Tuesday, May 18, 2010

Lost Empire

I saw David Lynch’s Inland Empire yesterday…or was it tomorrow? Whenever it was, I wish to hell I hadn’t.
Now I happen to be a big David Lynch fan. Who could forget Dennis Hopper’s priceless "don't fucking look at me" scene and the "In Dreams” lip synch in Blue Velvet? I enjoyed Mulholland Drive no end--and not just for the smoking hot girl-on-girl scene, you dirty-minded buggers.

Back in the Nineties, when I was living in Pennsylvania, I couldn't get enough of Twin Peaks. I even attended a Peaks party at a bar in Easton.

So I was pretty psyched when I ripped open the Netflix envelope and slid the Inland Empire disc into my DVD player. After a hard day at work, I was looking forward to some inspired weirdness.

The trouble started as soon as I hit the “Play” button and heard my DVD player rumbling like a station wagon stuck in the mud. I tried cleaning the disc but it still wouldn’t play.

Talk about a sign from God. It couldn’t have been any plainer if it had been a burning bush: stay the hell away from this movie. Unfortunately, I didn’t take the divine hint.

Disappointed, I went through the list of movies I had recorded on my DVR and to my surprise I found that I had actually recorded Inland Empire a few weeks ago and forgotten all about it. What luck!

Yes, what luck, indeed. Only it turned out to be all bad. For nearly three hours I stared at my TV in stunned disbelief as Laura Dern stumbled through this cinematic nightmare vainly searching for anything resembling a plot.

I would tell you what the film was about, but I have no idea. It had something to do with an actress remaking an old movie where the two lead performers had been murdered. After that, you’re on your own.

Lynch has said in interviews that he had initially planned to shoot a series of unrelated scenes, but then he saw that the stories were connected. I’m certainly glad he saw some connection because all I saw was a pile of drivel.

There are people singing and screaming and dancing and talking, talking, talking. There’s a scene on a stage someplace with people wearing rabbit heads, yes, rabbit heads. It just goes on and on. It was like being trapped in a Salvador Dali painting.

“You dyin', lady,” a street person tells a fallen Laura Dern at one point. Me, too!

If this had been somebody else, I’d say he was being a pretentious imbecile and leave it at that. But I strongly suspect that Lynch actually believes in what he’s doing, and that’s pretty scary in its own right.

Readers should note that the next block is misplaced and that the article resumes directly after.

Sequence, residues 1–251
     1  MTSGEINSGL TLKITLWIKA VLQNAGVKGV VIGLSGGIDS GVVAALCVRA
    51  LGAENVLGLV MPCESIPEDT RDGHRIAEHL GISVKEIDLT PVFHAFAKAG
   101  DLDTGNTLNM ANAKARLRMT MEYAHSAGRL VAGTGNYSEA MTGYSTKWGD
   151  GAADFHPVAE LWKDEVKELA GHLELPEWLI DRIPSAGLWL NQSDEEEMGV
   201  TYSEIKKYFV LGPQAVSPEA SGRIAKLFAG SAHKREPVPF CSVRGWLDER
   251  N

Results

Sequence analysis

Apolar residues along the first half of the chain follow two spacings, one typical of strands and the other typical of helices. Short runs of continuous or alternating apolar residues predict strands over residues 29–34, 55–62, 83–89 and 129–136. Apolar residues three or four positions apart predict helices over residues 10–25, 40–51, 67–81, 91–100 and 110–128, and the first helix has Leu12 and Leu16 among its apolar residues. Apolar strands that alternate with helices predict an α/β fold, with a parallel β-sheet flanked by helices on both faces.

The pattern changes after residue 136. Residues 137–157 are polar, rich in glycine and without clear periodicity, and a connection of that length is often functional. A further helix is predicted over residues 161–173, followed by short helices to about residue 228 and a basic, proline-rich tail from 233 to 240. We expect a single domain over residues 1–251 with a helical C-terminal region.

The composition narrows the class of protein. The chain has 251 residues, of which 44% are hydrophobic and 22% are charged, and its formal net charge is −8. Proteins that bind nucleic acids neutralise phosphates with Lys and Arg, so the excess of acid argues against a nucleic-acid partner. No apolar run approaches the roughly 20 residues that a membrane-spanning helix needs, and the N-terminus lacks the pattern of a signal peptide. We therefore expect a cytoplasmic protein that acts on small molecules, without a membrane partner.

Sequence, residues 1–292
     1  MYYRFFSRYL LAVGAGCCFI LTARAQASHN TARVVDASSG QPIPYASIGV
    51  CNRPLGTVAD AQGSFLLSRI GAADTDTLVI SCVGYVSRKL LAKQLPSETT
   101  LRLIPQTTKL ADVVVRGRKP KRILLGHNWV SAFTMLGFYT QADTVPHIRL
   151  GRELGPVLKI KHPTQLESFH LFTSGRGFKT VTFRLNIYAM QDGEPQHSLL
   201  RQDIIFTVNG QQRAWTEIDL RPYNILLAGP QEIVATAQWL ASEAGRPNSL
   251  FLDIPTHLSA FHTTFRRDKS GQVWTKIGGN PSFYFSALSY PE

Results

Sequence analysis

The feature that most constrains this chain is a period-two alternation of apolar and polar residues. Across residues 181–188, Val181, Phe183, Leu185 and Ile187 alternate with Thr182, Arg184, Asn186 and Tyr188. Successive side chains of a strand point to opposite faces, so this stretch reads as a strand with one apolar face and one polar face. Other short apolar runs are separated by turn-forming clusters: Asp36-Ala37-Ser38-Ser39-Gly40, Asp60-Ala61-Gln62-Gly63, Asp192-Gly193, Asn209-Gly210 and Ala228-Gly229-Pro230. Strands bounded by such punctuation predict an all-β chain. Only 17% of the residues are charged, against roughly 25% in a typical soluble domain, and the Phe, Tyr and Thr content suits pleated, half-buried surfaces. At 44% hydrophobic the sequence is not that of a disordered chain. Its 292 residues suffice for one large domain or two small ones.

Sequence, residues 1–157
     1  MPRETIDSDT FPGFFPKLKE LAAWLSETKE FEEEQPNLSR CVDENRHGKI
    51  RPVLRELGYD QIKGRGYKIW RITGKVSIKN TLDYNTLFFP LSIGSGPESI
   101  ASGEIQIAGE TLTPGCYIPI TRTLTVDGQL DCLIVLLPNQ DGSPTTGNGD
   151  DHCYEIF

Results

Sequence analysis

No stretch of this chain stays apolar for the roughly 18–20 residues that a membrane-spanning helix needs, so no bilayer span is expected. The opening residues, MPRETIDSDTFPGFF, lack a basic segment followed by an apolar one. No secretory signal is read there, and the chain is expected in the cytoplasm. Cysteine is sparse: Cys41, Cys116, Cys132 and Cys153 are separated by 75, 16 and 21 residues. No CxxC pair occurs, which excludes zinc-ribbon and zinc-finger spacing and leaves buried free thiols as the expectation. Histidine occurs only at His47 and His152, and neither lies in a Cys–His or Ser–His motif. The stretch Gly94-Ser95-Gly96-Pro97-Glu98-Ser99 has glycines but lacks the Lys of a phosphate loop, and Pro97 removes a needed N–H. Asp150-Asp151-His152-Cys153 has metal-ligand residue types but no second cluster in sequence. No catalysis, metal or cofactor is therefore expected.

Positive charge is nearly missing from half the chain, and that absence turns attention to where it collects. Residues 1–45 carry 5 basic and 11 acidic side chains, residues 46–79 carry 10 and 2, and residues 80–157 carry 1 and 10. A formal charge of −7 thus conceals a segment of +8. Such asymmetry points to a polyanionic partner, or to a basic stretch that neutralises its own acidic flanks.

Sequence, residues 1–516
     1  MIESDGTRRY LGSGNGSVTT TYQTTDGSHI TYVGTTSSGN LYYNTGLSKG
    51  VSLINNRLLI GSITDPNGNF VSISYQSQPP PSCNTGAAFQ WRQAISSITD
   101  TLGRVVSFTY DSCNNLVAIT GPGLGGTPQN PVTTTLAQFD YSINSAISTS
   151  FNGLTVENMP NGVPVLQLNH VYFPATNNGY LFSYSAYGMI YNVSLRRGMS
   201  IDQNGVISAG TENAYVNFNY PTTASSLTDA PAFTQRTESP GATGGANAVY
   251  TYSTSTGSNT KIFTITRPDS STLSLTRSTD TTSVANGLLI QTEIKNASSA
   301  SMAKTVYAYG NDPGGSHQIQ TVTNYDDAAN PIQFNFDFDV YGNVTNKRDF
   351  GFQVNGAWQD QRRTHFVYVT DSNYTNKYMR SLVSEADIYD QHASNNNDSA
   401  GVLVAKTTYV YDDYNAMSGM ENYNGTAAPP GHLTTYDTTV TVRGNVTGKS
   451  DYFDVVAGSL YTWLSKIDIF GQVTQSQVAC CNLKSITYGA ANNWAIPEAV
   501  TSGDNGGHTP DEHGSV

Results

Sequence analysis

It feels like he unscrewed the top of his head, pointed a camera into his brain, recorded whatever was going on in there and threw it all on the screen.

I’m all in favor of directors taking risks. God knows we need that with all the crap we have in theaters today. But there is an important difference between genius and gibberish.

I couldn’t wait to delete this movie from my DVR and I was in such an awful mood that I switched to the boxing matches on Telemundo. I didn't understand a word the commentators were saying, but it still made more sense than the movie.

I have to say that I am in the distinct minority in my dislike for this movie. Inland Empirewas chosen by "Les Cahiers du cinéma" as one of the 10 best pictures of 2007 and the posts on the IMDB message boards run heavily in favor of this movie as a ground-breaking masterpiece.

One poster said that anyone who didn’t like this movie “should go back to reality TV.” I don’t watch reality TV shows, but I’ll even give Jersey Shore a try before revisiting to this dumpster fire.

I checked my Netflix queue and saw that I had also ordered Inland Empire: Bonus Material, which promises 190 freaking minutes of “deleted scenes, a behind the scenes look at Lynch, interviews with Lynch and Laura Dern and more.”

Deleted scenes? The whole movie should have been deleted. And I wish I could have conducted that interview with David Lynch. My first question would have been “what the hell is wrong with you?”

I scratched this DVD from my queue, but I haven't given up on Lynch. I believe he is an important filmmaker and I will continue to watch his movies--as long as its not fight night on Telemundo.

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